This book looks at the theoretical issue of how a democracy can defend itself from those wishing to subvert or destroy it without being required to take measures that would impinge upon the basic principles of the democratic idea. It links social and institutional perspectives to the study, and includes a case study of the Israeli response to Jewish extremism and violence, which tests the theoretical framework outlined in the first chapter. There is an extensive diachronic scrutiny of the state's response to extremist political parties, violent organizations and the infrastructure of extremism and intolerance within Israeli society. The book emphasises the dynamics of the response and the factors that encourage or discourage the shift from less democratic and more democratic models of response.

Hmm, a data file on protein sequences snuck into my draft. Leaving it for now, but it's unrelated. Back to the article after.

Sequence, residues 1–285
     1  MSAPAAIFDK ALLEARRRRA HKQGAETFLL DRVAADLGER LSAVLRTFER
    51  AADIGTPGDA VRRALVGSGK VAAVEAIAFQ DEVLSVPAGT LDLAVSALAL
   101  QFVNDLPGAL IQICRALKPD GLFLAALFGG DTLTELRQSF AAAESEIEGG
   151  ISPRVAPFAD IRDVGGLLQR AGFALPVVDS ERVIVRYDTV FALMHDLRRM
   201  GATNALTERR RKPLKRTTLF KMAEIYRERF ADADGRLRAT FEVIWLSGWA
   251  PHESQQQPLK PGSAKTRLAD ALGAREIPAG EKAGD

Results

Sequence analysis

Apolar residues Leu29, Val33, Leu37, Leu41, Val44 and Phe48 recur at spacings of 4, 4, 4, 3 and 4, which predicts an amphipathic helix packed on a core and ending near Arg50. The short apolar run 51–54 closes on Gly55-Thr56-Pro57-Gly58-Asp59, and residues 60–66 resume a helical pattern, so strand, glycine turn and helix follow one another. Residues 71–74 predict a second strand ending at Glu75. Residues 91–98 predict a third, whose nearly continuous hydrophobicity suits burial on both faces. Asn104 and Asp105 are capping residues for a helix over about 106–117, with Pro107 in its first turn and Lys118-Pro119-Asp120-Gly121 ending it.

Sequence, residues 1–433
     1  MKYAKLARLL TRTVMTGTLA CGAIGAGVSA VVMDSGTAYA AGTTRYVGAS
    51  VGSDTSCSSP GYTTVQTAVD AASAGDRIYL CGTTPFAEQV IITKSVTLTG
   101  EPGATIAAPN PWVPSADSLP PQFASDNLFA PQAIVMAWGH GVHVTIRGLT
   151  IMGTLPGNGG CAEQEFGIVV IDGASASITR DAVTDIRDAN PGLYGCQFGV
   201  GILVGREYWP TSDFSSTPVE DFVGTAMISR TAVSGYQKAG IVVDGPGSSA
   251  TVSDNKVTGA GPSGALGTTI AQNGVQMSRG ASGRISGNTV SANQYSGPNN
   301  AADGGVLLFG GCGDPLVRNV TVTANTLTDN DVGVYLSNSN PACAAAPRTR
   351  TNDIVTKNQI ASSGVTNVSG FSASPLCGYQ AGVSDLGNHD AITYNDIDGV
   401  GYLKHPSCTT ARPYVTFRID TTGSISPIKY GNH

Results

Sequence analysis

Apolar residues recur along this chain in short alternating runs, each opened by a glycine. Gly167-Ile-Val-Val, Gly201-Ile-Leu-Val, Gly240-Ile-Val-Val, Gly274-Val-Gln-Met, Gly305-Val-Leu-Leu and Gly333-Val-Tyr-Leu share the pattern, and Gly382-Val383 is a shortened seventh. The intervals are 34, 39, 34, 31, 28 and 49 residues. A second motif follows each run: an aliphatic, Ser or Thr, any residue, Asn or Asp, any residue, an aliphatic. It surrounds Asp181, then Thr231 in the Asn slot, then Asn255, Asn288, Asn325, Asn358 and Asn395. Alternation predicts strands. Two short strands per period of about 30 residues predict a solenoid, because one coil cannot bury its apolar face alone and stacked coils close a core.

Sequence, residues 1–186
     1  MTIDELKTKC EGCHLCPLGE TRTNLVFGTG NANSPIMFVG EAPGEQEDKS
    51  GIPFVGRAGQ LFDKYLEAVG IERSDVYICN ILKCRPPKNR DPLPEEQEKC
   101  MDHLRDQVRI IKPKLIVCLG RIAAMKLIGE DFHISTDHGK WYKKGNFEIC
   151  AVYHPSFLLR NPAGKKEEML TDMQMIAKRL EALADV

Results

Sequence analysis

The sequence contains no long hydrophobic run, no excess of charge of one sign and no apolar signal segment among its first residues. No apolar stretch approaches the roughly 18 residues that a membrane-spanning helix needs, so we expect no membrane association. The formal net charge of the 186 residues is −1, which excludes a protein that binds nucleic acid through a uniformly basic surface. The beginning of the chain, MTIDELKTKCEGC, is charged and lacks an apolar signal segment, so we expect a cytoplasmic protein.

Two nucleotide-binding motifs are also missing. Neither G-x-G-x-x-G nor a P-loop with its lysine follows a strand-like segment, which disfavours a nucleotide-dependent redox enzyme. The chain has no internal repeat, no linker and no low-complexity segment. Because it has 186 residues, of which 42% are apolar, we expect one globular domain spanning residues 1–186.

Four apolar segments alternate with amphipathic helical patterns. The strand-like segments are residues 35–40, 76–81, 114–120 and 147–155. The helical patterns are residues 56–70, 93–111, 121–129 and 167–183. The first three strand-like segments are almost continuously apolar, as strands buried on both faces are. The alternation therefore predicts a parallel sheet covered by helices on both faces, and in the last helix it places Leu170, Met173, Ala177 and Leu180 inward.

strategically applied by policy actors within the municipal organization and, thus, how they affect policy outcomes.
Some commenters have suggested that my application of analytical concepts derived from classical anthropology about “traditional” societies to modern-day municipal policy development may seem irrelevant or even provocative. Surely, analytical frameworks such as Bailey's ( 1969 ) non-mathematical game theory, which was inspired by such violentorganizations as the criminals in the American Cosa Nostra and exotic political systems such as the
[is] the guarantee of freedom for all. … let us restore
order. Let unity return to the old New Granada [Colombia], today
fragmented into de facto republics of violentorganizations.
Santander conceived peace, and the harmony … as being
under the exclusive sovereignty of the law. … He honored
the law with his obedience to authority. (Ibid